Q17: As a noncompetitive bid provider, are we able to still complete wheelchair repairs and replacement parts?
A17: Repairs for beneficiary-owned equipment may be performed by any Medicare-enrolled supplier. Replacement parts associated with repairs of beneficiary-owned equipment may be provided by any Medicare-enrolled supplier. If a competitive bidding item needs to be replaced, and there is no repair associated with the replacement, the replacement item must be furnished by a contract supplier.


Q18: Is there any news about when PECOS denials will begin? Please clarify if they are based on date of service or submission.
A18: Currently, there has been no update to the next step in PECOS implementation. NHIC does have a section on its web site dedicated solely to PECOS: Please be sure you are signed up for the NHIC ListServe for the most recent updates and reminders.


Q19: With competitive bid, if a patient chooses to stay with a grandfathered supplier, can they then change to a contract supplier 4 months later?
A19: Yes, a Medicare beneficiary may choose to switch to a contract supplier at any time during the rental period.


Q20: Can a non-contract supplier provide replacement oxygen equipment to grandfathered oxygen patients at the end of the reasonable useful lifetime?
A20: A non-contract supplier cannot provide replacement oxygen equipment to a grandfathered patient. If replacement equipment is provided, the beneficiary must receive it from a contract supplier.


Q21: Is there any time frame as to how long the 2% reduction will last?
A21: There is no current time frame as to how long the Mandatory Payment reduction will last. More information along with FAQs on the Sequestration can be found on the DME MAC A web site at the following


Q22: If the beneficiary does not meet coverage and we do not have the bid, what type of denial will we receive? We need to know in order to bill the secondary insurer.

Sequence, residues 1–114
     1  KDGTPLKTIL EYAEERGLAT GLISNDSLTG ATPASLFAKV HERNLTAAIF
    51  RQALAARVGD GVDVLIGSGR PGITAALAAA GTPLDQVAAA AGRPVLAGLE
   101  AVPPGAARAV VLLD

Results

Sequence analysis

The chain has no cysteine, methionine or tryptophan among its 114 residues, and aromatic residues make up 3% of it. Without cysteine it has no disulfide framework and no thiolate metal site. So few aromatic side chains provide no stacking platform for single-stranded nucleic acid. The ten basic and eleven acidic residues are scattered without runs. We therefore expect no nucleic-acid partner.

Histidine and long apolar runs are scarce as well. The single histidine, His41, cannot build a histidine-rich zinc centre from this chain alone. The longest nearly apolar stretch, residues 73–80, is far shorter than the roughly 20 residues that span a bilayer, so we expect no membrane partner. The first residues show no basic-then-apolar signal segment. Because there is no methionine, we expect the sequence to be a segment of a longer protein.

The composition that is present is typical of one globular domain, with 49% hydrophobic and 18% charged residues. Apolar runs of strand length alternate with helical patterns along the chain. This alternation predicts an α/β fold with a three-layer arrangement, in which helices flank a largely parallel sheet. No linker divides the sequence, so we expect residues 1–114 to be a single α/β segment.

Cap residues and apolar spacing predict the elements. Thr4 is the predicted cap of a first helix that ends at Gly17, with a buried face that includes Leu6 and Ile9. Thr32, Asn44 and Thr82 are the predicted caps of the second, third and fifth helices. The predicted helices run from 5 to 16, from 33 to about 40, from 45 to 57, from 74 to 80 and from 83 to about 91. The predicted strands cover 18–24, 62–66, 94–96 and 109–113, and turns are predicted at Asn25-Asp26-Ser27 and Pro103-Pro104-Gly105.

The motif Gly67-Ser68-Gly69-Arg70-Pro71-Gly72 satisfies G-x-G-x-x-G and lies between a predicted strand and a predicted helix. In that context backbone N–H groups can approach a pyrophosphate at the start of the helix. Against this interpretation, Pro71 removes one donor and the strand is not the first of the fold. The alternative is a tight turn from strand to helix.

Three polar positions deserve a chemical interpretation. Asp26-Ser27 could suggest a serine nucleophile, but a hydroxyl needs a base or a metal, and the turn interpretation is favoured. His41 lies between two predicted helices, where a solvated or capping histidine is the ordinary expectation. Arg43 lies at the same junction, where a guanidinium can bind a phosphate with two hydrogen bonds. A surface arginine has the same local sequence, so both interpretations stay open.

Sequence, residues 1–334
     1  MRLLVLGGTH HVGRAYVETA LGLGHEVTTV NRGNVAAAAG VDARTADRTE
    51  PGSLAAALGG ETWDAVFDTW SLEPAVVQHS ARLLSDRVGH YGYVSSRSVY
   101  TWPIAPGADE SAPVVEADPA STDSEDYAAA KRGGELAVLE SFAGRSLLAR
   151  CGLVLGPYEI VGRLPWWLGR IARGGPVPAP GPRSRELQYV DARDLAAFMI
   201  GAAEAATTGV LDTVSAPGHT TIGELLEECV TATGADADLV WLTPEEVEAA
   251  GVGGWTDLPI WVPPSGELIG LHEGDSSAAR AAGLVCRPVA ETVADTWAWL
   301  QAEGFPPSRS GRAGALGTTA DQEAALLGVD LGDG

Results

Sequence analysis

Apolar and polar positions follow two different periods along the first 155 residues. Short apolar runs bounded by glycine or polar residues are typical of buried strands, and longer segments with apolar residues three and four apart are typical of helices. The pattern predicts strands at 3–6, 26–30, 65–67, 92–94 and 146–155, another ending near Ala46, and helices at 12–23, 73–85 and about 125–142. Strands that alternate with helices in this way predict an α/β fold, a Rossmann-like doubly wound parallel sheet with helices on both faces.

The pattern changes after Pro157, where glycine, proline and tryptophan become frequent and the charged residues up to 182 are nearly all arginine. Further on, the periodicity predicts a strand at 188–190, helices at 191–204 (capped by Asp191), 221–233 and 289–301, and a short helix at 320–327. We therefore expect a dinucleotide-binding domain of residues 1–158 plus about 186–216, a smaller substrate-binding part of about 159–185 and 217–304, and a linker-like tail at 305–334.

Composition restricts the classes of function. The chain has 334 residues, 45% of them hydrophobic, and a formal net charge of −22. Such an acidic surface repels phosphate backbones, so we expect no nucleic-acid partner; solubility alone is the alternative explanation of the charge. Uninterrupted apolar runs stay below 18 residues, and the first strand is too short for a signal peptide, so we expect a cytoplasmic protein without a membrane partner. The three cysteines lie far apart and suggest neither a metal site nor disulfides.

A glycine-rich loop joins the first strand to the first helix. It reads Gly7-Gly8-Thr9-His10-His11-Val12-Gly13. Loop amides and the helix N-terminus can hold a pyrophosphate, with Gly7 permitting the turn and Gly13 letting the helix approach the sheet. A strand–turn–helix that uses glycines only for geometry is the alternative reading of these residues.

A22: If the beneficiary does not meet coverage criteria, you will receive a not reasonable and necessary denial or a noncovered denial depending on the item.


Q23: Can you please verify Supplier Standards 7 and 30 and how it affects contract suppliers shipping from Warehouses?
A23: Each supplier location where Medicare beneficiaries are served must have billing privileges with the exception of warehouses or repair facilities. If the warehouse is serving as a storage only facility for equipment and supplies, the warehouse is not required to have billing privileges. If beneficiaries are being served in any capacity at a warehouse or repair facility, including being fitted or picking up products, the location should be enrolled with billing privileges. For additional questions about the supplier standards, please contact the National Supplier Clearinghouse (NSC) at 1-866-238-9652.


Q24: Will a Grandfathered supplier be able to provide parts/supplies for equipment after the 13 month rental period?(CPAP masks/PMD parts)
A24: After the 13 month rental period is over, ownership for the item transfers to the beneficiary and the grandfathering relationship ends. The accessories and supplies must be furnished by a contract supplier.


Q25: There is an article that “300 of the companies that won the competitive bid are not accredited,” do they get to supply anyway?
A25: Any contract supplier who is not properly accredited, for the product category in which they won a contract, may be found in breach of contract. If a supplier breaches the contract, CMS has the right to take corrective action. For example, CMS may require a corrective action plan, suspend or terminate the contract, preclude the contract supplier from participating in the competitive bidding program, or revoke the contract supplier’s billing number.


Q26: How are licensure and state requirements being handled that may have been overlooked?